We have never contributed nearly as much to any cause as we are this time to the Special Campaign. We can visualize our church without furnaces and mortgage payments hanging over our heads and the image is thrilling. Sometimes people say they can’t give as much as they would like to WBUUC because of their other charitable commitments. One thought: How big is the pool for those other commitments? Other organizations also do good work but they may receive donations from hundreds of thousands or millions of families. The entire financial security of WBUUC rests on our 750 members. ”

–Steve Kahn, President

“This is the most generous gift we will make this year. We’re doing it because WBUUC makes a difference in our lives, in the lives of our community, and in the future of the world. It matters to me because WBUUC provides a spiritual, emotional, and intellectual home to many. It is a place where we can speak openly about our spiritual beliefs without risk of censure, where we can immerse ourselves in working for each other and for our community and beyond, where we can expect to be continually challenged to think more deeply, feel more compassionately, and to become who we are called to be. I am so grateful for the exceptional ministers and staff at WBUUC. We are pledging to both campaigns because WBUUC is an invaluable part of our lives. I am proud, excited, and inspired by our congregation’s vibrancy and ever growing work for social justice. My hope for our community is to continually see the power and impact of what we can do together. ”

–Laurie Kigner, Vice President

February – From the Minister

Posted by on Jan 31, 2016 in Spirituality | 0 comments

A philosopher has said, the line between good and evil goes through the center of each human heart. Martin Luther said it just slightly differently—simul Justus et peccator. Simul—simultaneously, Justus—justified, et peccator—and yet a sinner.

At one moment we are entirely whole in our beauty and brokenness – the tradition of our ancestors reminds us of our humanity – fully beautiful, fully broken; imperfect and yet proclaimed: beloved of earth, of sky, of God.

Sin is an edgy topic—especially for religious liberals. The practice this month, of turning, comes from traditional understandings of “sin” in philosophy and theology. To sin was to turn away: from the Holy, from the good, to fail to live up to your own hopes. And then to repent, which means to turn, was to turn back toward the Holy, the good, your highest aspirations and your best self.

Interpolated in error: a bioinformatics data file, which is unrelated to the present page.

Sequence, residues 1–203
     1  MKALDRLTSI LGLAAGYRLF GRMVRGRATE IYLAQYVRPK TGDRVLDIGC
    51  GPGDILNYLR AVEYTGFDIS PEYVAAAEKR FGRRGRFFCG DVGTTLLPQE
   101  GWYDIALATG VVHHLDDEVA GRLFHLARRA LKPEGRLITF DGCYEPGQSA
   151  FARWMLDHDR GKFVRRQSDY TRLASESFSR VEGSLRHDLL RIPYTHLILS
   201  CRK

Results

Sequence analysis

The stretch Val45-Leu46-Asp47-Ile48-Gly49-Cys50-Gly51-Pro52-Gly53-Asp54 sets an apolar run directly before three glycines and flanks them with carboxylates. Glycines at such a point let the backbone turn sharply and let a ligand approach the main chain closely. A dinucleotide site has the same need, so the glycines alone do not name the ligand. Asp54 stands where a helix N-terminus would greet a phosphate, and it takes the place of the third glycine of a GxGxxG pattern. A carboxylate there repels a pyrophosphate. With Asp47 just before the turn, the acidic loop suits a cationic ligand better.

When I was leaving Lutheran seminary I met with the Dean of the Seminary. I explained I had come to believe that Jesus was one among many mediators of God in the world. He said, “Sure. There are a hundred ways to understand Jesus—that’s not too radical.” I was a bit surprised.

And what he said next has stuck with me since: “I think the major difference we have with the Unitarian Universalists is human nature. We human beings are constantly failing to be our best selves, and regularly drawn to the vices of greed and hatred and division – and unless we name it as something as deep and substantial as sin, I think it becomes quite difficult to respond to it in any constructive way.”

And I said, “Yes, Sir.” And I babbled about each person having the capacity for good or evil; that it’s not “original sin,” and he said, “You know as well as I that original sin is a metaphor for why humans fail to be their best selves all the time. We’re not evil—we are just as flawed as we are good—and yet God always calls us beloved.”

And I said, “Yes, Sir.”

I think I like the edginess of thinking about sin because it forces us to re-examine the overly optimistic view of human nature in liberal religion. It challenges us to look at our language; how do we speak of individual and communal brokenness, wrongdoing, missing the mark, failing to be our best selves? Each day, we experience a world in which there are heart-shattering stories and experiences—loss, grief, destruction of our communities and the planet itself.

So I still wonder, and wrestle with the question: how might we use the language of sin, whether we end up using that word or not, as a gateway to deeper reflection on how to name and respond to our broken world, and our broken souls. Perhaps we can find language that names both struggle, personal and communal, as well as resilience.

January – From the Minister

Posted by on Jan 1, 2016 in Spirituality | 0 comments

I am running into a new year
and the old years blow back
like a wind
that i catch in my hair
like strong fingers like
all my old promises and
it will be hard to let go
of what i said to myself
about myself
when i was sixteen and
twentysix and thirtysix
…but i am running into a new year
and i beg what i love
and i leave to forgive me
- Lucille Clifton

sys-dividerI am writing on a snow-drifted morning, on the very threshold between one year and the next.